For those interested in putting an international flair in their cooking, Aliya LeeKong’s Exotic Table ($35.00, 321 pp) has recipes from Turkey to Kenya to Brazil. Consisting of categories like Spices, Ingredients, and Equipment, Beef, Pork, Lamb, and Goat, and Breakfast, Savory Tarts, and Breads, the author has added small anecdotes about food from around the globe to add a personal touch. Recipes include Jamaican Jerk Hens, Greek Lasagna, and Hibiscus Paletas.

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New York City: A Food Biography ($40.00, 260 pp) by Andrew F. Smith is a journey through New York City’s culinary history. From hotspot restaurants like Delmonico’s to street foods plucked from various immigrant cultures, the book shows how the diversity and energy of this city is reflected in its food. Topics covered include Eateries, Drinking In The City, and Historic Cookbooks, Dishes, and Recipes.

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A Farm Dies Once A Year ($25.00, 272 pp) by Arlo Crawford is a memoir about the author returning to the farm where his parents grew crops for nearly forty years. As he chronicles the course of one full growing season, Crawford ponders both the highs and lows of the farmers’ lifestyle while reconciling with his family’s legacy.

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Jennifer McGruther’s The Nourished Kitchen ($27.99, 320pp) has over 160 traditional foods recipes for the cook looking to go farm-to-table. The book is broken down into categories like From The Garden, From The Range, and From The Orchard. Recipes include Oysters and Potato Stew, Pan-Fried Savoy Cabbage with Bacon, and Maple Roasted Pears.

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For healthy and energizing drinks, check out Superfood Juices ($16.95, 224 pp) by Julie Morris. This book contains some tips for beginning juicers to get started putting their own blends together as well as recipes like Cucumber Mint Juice, Volcano Hot Chocolate, and Kale Martinis. Recipes are also organized by functional cleanses like a Quick Reboot or Strength and Stamina Cleanse, for those looking for a specific boost for their day.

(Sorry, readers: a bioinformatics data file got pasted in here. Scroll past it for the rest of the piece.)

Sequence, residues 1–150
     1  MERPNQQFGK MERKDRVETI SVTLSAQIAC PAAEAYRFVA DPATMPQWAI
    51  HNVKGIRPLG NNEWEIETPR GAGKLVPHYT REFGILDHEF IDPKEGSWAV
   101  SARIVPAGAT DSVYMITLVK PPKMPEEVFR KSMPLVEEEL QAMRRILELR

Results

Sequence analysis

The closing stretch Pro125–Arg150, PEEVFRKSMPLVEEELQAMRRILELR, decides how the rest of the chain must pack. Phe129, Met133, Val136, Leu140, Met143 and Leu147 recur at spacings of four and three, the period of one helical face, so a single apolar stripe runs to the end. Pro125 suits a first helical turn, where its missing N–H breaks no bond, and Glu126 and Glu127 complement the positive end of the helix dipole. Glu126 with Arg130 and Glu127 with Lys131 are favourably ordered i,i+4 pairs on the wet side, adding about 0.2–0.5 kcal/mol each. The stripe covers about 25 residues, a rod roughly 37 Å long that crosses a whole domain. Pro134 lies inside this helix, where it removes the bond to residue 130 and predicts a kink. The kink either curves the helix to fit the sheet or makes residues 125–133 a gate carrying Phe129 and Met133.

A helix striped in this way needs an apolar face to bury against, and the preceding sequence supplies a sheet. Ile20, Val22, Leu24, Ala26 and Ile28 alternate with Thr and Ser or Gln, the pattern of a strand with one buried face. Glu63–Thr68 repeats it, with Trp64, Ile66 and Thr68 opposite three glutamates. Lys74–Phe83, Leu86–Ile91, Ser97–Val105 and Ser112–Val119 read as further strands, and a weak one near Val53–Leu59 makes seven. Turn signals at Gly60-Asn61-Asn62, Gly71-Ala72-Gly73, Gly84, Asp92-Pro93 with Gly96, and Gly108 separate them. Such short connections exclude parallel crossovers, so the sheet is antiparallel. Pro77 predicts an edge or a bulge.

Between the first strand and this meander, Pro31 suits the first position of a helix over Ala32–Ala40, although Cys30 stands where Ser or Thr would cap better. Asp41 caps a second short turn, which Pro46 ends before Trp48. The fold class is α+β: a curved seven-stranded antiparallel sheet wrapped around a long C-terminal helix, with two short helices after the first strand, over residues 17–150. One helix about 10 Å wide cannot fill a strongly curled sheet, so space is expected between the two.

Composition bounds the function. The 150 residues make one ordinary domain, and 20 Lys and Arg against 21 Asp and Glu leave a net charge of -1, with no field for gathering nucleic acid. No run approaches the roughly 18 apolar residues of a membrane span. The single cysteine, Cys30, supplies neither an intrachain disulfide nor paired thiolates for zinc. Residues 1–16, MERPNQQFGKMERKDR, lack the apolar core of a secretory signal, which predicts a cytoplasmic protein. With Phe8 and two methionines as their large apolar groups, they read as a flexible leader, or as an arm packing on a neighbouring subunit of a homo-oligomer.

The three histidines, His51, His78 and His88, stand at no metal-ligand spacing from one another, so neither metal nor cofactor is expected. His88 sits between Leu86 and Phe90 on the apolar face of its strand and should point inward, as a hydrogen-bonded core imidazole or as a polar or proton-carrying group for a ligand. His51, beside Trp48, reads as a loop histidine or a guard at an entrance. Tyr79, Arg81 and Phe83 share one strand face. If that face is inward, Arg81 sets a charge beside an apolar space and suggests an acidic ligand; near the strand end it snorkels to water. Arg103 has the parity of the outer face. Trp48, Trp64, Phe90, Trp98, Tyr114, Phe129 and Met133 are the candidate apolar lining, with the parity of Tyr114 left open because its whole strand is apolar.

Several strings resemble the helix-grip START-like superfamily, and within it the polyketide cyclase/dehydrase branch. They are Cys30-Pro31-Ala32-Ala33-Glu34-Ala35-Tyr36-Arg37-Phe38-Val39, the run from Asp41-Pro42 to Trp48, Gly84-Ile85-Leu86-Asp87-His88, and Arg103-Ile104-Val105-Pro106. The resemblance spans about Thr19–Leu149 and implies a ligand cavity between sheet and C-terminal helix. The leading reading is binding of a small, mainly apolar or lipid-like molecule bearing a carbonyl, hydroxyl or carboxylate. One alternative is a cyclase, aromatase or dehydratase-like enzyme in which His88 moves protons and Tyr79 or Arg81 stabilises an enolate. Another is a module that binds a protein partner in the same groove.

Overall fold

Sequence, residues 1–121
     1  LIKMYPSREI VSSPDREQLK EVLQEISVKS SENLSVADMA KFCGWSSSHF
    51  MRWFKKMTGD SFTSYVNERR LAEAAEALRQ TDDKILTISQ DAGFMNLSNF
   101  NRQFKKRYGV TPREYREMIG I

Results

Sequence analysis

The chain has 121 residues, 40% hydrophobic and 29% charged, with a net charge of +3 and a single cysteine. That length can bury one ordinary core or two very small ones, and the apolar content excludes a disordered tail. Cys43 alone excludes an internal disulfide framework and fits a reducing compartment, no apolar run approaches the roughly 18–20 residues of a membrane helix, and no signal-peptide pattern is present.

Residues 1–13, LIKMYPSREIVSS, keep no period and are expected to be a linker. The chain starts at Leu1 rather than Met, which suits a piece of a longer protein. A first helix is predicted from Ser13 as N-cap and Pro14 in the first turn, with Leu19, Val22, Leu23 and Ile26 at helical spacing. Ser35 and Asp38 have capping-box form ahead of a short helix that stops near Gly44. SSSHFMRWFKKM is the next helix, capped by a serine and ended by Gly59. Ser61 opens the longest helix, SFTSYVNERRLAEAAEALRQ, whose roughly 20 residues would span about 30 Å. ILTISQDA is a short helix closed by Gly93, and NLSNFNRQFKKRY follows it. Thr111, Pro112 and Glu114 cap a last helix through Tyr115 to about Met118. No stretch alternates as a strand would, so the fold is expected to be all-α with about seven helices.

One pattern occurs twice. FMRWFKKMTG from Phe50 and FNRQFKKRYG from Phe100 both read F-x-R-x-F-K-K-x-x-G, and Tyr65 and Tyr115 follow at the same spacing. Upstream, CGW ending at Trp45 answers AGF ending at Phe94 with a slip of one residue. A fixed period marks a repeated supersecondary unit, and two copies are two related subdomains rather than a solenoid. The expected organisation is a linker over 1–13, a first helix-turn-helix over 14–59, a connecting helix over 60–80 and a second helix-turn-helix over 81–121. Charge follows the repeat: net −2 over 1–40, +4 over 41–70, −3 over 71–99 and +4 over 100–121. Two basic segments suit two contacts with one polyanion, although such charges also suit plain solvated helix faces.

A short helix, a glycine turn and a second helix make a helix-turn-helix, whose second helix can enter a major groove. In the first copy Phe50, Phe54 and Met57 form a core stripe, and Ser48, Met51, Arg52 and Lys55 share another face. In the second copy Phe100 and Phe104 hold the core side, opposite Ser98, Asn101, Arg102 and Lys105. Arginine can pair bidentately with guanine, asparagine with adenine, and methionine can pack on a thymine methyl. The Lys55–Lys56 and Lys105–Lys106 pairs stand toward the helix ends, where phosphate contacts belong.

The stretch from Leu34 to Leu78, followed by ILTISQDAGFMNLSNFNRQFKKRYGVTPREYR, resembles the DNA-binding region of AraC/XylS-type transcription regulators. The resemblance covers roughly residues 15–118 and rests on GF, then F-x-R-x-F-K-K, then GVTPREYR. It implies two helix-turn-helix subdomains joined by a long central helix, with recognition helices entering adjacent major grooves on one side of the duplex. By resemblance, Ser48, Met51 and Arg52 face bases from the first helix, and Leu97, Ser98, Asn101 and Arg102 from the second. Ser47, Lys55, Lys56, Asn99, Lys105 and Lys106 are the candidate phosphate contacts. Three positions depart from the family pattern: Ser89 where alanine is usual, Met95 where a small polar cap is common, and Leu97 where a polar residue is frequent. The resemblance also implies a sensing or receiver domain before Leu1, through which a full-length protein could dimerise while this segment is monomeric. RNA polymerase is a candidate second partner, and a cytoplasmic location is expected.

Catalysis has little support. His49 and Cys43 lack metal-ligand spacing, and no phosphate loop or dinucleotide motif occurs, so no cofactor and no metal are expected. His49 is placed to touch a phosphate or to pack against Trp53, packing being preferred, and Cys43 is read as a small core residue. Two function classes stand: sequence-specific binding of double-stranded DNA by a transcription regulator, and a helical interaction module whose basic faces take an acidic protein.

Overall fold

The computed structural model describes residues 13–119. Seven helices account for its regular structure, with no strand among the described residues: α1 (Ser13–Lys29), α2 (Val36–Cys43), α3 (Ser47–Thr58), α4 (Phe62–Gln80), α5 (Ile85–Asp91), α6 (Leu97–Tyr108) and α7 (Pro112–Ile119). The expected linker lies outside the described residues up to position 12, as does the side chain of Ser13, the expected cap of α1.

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Maureen Ogle’s In Meat We Trust ($28.00, 384 pp), is a look at the history of meat in America, from the colonists to ConAgra. By chronicling not only the history of the meat industry itself, but the way it shaped the growth of this country, this book showcases past innovations while raising questions for the future of meat.

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Why Diets Fail ($24.99, 240 pp) by Nicole M. Avena, Ph.D. and John R. Talbott, explains the science on how to recognize a sugar addiction, how to end sugar cravings and lose weight to get healthy. The pitfalls of conventional diets are discussed, as well. Included is a sugar equivalency table that ranks sugar content in hundreds of common foods.

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Written by Mark C. Houston, MD, MS, What Your Doctor May Not Tell You About Heart Disease ($14.99, 305 pp) details a comprehensive, easy-to-follow program about: the early signs of heart attack, the link between blood sugar and heart disease, “good” and “bad” cholesterol and ways to fight heart disease naturally.

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Probiotics For Dummies ($16.99, 192 pp) by Shekhar K. Challa, Ph.D., board certified gastroenterologist, has all the information on how probiotics can support the immune system, alleviate allergies and support a healthy digestive tract. The easy-to-follow guide includes a breakdown of the types of probiotics as well as two dozen probiotic-rich recipes for entrées, snacks and desserts.

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Nataranjan Ranganathan, Ph.D., and Herny D’Silva, Ph.D., have written Probiotics and Kidney Health ($5.95, 44 pp), which explains how probiotics may be able to help those with chronic kidney disease by filtering out uric acid, removing other toxins from the body and providing an opportunity for the functioning kidneys to rest and heal. Charts and diagrams make the guide easy to fully understand.

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